‘My Date With Drew’


Roger & Me not only opened doors for a new, more raffish school of populist muckrakers but also suggested a novel approach for young directors seeking distribution. Stalk a celebrity—in Michael Moore’s case, GM exec Roger Smith—and presto: You’re a celebrity yourself. In
My Date With Drew, aspiring filmmaker Brian Herzlinger assigns himself one month to snag a date with lifelong crush Drew Barrymore. (Circuit City’s return policy expires after 30 days, and he plans to give the camera back.) Never mind that telling people you want a date with Drew for your movie is
not the same as asking Drew for a date; Herzlinger’s mugging is intermittently charming anyway, in part because his shit-eating grin and blind optimism would complement Barrymore’s endearing naïvete. “I’m scared to death that I’m gonna look like an idiot,” he tells his friends. (Too late.) Herzlinger visits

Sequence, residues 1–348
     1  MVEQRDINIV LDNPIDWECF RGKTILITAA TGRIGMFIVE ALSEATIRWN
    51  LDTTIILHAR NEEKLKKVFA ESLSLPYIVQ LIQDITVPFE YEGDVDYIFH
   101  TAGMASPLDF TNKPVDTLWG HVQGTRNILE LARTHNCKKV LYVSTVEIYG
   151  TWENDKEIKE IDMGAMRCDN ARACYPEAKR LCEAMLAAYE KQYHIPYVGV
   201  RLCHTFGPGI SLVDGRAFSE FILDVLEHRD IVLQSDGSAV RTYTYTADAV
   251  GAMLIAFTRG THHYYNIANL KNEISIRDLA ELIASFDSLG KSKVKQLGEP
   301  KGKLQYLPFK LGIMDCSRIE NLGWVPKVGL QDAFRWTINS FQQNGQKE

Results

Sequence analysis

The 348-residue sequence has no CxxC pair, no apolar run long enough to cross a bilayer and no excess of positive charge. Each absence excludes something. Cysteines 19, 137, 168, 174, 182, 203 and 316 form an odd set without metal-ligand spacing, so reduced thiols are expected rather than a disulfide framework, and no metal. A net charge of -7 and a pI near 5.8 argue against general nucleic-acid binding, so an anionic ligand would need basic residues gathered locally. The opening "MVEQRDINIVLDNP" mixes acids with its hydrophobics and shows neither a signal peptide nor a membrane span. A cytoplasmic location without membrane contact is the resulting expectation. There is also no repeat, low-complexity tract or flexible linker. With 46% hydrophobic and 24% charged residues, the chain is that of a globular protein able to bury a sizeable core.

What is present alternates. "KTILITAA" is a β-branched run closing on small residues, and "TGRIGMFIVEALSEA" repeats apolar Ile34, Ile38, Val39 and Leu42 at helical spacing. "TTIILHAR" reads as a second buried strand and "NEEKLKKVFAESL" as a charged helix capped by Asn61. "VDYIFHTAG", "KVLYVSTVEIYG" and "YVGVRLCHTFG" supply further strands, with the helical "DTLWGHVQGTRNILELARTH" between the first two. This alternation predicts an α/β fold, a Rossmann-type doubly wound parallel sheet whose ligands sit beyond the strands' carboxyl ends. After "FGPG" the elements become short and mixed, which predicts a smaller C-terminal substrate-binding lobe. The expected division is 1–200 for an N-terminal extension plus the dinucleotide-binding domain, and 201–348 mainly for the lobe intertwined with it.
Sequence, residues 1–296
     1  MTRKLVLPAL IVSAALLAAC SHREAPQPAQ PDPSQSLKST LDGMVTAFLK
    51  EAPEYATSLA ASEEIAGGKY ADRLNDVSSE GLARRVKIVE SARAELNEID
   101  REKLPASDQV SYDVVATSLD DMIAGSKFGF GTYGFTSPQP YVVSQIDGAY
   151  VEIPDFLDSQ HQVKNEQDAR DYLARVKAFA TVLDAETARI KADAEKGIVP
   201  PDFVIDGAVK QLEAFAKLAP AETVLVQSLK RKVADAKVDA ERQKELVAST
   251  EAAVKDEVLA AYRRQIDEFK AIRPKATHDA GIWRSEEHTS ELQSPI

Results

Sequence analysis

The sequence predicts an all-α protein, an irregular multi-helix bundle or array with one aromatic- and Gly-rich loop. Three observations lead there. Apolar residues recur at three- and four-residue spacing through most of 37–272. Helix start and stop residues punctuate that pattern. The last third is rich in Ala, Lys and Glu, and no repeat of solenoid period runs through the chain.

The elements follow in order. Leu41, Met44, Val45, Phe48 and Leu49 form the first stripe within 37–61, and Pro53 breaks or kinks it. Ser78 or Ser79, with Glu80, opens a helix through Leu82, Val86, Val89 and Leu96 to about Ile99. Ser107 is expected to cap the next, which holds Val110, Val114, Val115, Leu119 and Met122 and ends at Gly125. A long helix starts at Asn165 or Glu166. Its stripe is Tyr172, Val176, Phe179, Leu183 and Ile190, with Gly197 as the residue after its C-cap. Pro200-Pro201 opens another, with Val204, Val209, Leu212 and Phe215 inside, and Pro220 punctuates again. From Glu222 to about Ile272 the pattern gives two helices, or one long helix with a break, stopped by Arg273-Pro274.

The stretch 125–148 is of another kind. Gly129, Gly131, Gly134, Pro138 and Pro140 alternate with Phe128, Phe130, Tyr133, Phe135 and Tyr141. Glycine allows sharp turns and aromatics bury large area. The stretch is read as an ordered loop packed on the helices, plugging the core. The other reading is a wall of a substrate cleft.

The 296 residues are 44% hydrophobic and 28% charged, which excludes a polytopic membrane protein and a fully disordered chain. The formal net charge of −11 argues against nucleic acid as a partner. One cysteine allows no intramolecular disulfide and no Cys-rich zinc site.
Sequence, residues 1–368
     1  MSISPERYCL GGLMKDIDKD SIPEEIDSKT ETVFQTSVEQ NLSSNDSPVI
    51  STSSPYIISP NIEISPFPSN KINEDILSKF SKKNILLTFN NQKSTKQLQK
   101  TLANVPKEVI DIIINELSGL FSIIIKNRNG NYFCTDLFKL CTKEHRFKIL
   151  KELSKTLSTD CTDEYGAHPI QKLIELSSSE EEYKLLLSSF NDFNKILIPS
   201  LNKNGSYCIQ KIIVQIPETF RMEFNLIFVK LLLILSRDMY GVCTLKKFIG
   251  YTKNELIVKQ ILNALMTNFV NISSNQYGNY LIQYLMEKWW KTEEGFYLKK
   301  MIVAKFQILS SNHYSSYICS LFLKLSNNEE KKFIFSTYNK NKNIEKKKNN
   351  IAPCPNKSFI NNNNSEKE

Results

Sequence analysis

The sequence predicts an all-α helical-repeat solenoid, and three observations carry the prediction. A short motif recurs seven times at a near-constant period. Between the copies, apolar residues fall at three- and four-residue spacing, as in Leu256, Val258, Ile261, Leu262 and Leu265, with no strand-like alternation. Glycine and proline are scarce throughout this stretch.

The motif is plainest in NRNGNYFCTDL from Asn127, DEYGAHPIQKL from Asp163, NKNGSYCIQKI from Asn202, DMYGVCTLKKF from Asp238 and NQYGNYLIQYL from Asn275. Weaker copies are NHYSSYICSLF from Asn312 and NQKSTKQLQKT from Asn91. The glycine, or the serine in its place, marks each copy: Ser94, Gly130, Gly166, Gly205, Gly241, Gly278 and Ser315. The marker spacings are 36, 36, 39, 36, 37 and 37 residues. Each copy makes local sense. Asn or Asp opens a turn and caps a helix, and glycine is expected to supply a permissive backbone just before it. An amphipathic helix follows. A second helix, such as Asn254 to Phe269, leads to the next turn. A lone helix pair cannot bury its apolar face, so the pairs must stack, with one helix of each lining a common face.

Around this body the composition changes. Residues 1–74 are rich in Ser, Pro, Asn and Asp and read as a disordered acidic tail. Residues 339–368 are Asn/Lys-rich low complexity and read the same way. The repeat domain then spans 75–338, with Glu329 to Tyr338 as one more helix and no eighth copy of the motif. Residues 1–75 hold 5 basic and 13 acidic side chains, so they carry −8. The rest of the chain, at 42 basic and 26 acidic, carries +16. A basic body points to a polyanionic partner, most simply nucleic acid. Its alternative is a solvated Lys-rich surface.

Charlie’s Angels scribe John August, an L.A. facialist to the stars, and Barrymore’s clueless first cousin. He has difficulty booking Andy Dick, but oddly, no trouble securing an evening with Drew’s ex-flame Corey Feldman. When our hero finally does get his moment in the sun—c’mon, would someone have bought the movie if he didn’t?—My Date With Drew offers the surreal spectacle of pursuer and pursued pleasantly gabbing, obliviously immersed in a mutual PR stunt. It’s only a matter of time before we see
My Skirmish With Scarlett, My Cuddle With Keira
, and My Lap Dance With Lindsay.